The Minister for the Environment, Climate and Communications Eamon Ryan has said that he is keen to see if climate and sustainability solutions being employed on west Kerry farms could be used elsewhere.

During a recent two-day visit to the county, the minister met those involved in the Corca Dhuibhne 2030 initiative.

The initiative is running several community projects aiming to help the Dingle Peninsula to transition to a low-carbon community by 2030.

Minister Ryan launched documents outlining the learnings from two projects at the Dingle Hub and also visited two farms in the region.

“I learned there’s a lot of good work going on down in Kerry and I’m interested in if we could go further and apply it elsewhere,” he told Agriland.

The minister said that he wanted to get income into farms, while cutting down on spiralling input costs.

“It’s being smart and it’s being enterprising in our farms and working collectively,” he added.

Agriland joined Minister Eamon Ryan on his visits to the farms of Michael O’Dowd in Castlemaine and Dinny Galvin in Lispole, which you can see more of by clicking on the video below.

Cows, bees and apple trees

Michael O’Dowd, his wife Sandra and their five children run a mixed enterprise in Ballycrispin, close to Castlemaine.

Along with milking 40 cows, the O’Dowd family has an orchard from which they produce ‘Ring of Kerry Apple Juice’ which is sold in local shops.

They also collect and sell honey from bee hives on the farm, along with rearing and processing turkeys and chickens.

The farm is among ten participants in Corca Dhuibhne 2030’s Creative Climate Action Project.

It is examining creative ways in which farmers on the Dingle peninsula can diversify their enterprises to address climate change.

Michael O’Dowd shows Minister Eamon Ryan the apple trees in his orchard. Image: Domnick Walsh

The O’Dowd family discussed the challenges facing farmers from climate change with Minister Ryan and demonstrated how diversification can be part of the solution while also supplementing their income.

“There is room for the smaller dairy farm. There doesn’t seem to be much talk about that anymore, it’s all dairy expansion,” Michael told Agriland.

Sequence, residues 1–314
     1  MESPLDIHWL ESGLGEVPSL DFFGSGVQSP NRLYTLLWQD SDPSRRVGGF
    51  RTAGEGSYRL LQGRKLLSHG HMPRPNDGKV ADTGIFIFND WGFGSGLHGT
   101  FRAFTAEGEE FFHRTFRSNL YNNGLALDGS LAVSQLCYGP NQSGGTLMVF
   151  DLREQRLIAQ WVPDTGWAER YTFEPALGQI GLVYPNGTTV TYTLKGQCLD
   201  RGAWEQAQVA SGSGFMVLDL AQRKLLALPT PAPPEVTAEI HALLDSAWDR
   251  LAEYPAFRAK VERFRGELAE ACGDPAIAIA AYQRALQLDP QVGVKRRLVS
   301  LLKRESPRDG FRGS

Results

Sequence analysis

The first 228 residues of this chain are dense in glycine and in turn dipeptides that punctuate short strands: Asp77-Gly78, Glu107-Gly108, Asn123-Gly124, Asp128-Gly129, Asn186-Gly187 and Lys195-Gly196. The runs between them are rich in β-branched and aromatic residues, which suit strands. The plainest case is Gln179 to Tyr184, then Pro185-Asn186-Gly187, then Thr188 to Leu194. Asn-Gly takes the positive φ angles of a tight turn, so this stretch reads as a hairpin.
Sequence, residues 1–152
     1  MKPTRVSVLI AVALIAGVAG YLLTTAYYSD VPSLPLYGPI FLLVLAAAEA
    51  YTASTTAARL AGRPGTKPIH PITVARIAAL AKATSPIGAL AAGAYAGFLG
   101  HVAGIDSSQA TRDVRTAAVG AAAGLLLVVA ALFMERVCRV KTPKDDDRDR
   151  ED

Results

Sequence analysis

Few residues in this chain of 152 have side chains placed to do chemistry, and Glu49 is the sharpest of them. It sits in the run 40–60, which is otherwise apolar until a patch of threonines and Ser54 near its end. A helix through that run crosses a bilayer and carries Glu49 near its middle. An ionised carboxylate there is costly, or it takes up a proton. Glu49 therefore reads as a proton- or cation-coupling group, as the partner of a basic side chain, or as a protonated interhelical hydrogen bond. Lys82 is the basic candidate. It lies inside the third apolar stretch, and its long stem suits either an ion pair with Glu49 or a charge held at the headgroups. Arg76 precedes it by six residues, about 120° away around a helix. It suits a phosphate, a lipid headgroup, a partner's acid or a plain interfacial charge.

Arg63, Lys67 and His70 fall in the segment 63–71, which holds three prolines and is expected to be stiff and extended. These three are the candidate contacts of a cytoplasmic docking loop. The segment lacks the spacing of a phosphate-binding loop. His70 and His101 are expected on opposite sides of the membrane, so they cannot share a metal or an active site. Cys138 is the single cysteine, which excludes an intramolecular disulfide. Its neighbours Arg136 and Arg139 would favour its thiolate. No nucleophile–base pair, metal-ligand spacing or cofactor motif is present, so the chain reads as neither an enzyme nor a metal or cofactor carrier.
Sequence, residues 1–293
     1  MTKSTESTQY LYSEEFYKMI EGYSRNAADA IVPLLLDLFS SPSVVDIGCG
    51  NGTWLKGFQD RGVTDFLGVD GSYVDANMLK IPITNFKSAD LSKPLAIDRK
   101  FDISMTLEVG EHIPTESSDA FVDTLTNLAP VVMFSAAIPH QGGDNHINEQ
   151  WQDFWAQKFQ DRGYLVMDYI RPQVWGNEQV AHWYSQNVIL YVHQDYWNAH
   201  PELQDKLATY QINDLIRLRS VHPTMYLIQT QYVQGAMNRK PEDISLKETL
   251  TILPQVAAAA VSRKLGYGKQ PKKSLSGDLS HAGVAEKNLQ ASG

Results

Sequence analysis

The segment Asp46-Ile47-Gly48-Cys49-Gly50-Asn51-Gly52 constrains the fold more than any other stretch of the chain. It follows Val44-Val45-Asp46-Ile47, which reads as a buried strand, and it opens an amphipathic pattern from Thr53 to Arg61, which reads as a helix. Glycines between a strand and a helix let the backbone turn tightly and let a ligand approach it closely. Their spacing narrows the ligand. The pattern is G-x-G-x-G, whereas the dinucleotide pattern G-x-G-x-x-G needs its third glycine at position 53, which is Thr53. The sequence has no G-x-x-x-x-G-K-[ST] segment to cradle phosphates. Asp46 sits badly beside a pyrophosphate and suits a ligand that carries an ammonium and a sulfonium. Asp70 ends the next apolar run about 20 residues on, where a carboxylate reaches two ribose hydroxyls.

“I feel that there is room for the likes of us as well.”

He also used the opportunity to discuss the future for the next generation of farmers with Minister Ryan.

O’Dowd said that young farmers completing the Teagasc Green Cert programme should have an opportunity to gain experience on all types of farms, not only dairy enterprises.

Dairy technology

Following the visit to Castlemaine, Minister Ryan continued his journey on a TLI ‘Local Link’ bus to the dairy and sheep farm of Dinny Galvin in Lispole.

Dinny is the founder of the West Kerry Dairy Farmers’ Sustainable Energy Community (SEC) which includes 130 farmers. He also works with the Dingle Hub as an energy and agriculture liaison officer.

Dinny Galvin explaining the technology in his dairy parlour to Minister Eamon Ryan

His farm has been involved in several Corca Dhuibhne 2030 energy projects and Minister Ryan was shown how technology can help with efficiencies on farms.

This includes a mobile phone app outlining how much energy is being used by equipment and sensors placed in fields to monitor grass growth.

“Back in 2013, well before any SEC, I installed a heat exchanger down on the farm. That takes the heat from the cooling process of the milk and converts it to water. That has saved me thousands of euro over that period of time in electricity,” Galvin said.

“This morning, I have 500L of water at 55°, that’s all heat that would be lost to the atmosphere and going to waste. That could be deployed on every dairy farm in the country, it would make a massive difference,” he explained.

Galvin said that farmers should be able to install solar panels on the roofs of their farm buildings and sell the excess electricity generated back to the grid. This, he said, is another way farmers can “pull down our carbon footprint”.